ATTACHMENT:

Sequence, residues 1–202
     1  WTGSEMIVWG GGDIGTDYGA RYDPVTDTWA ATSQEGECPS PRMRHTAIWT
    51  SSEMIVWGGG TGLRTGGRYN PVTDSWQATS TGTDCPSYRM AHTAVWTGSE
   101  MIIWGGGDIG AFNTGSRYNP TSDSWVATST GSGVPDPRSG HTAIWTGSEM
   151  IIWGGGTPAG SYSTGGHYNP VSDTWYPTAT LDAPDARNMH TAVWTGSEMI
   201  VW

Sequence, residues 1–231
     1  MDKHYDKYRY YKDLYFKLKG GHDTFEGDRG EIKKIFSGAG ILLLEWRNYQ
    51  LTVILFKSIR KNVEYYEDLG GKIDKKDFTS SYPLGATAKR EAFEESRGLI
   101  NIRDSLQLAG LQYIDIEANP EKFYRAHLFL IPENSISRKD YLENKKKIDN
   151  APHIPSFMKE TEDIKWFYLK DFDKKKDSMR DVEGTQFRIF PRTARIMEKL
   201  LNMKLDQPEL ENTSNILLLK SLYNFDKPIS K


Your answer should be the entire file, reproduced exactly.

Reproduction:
Sequence, residues 1–202
     1  WTGSEMIVWG GGDIGTDYGA RYDPVTDTWA ATSQEGECPS PRMRHTAIWT
    51  SSEMIVWGGG TGLRTGGRYN PVTDSWQATS TGTDCPSYRM AHTAVWTGSE
   101  MIIWGGGDIG AFNTGSRYNP TSDSWVATST GSGVPDPRSG HTAIWTGSEM
   151  IIWGGGTPAG SYSTGGHYNP VSDTWYPTAT LDAPDARNMH TAVWTGSEMI
   201  VW

Sequence, residues 1–231
     1  MDKHYDKYRY YKDLYFKLKG GHDTFEGDRG EIKKIFSGAG ILLLEWRNYQ
    51  LTVILFKSIR KNVEYYEDLG GKIDKKDFTS SYPLGATAKR EAFEESRGLI
   101  NIRDSLQLAG LQYIDIEANP EKFYRAHLFL IPENSISRKD YLENKKKIDN
   151  APHIPSFMKE TEDIKWFYLK DFDKKKDSMR DVEGTQFRIF PRTARIMEKL
   201  LNMKLDQPEL ENTSNILLLK SLYNFDKPIS K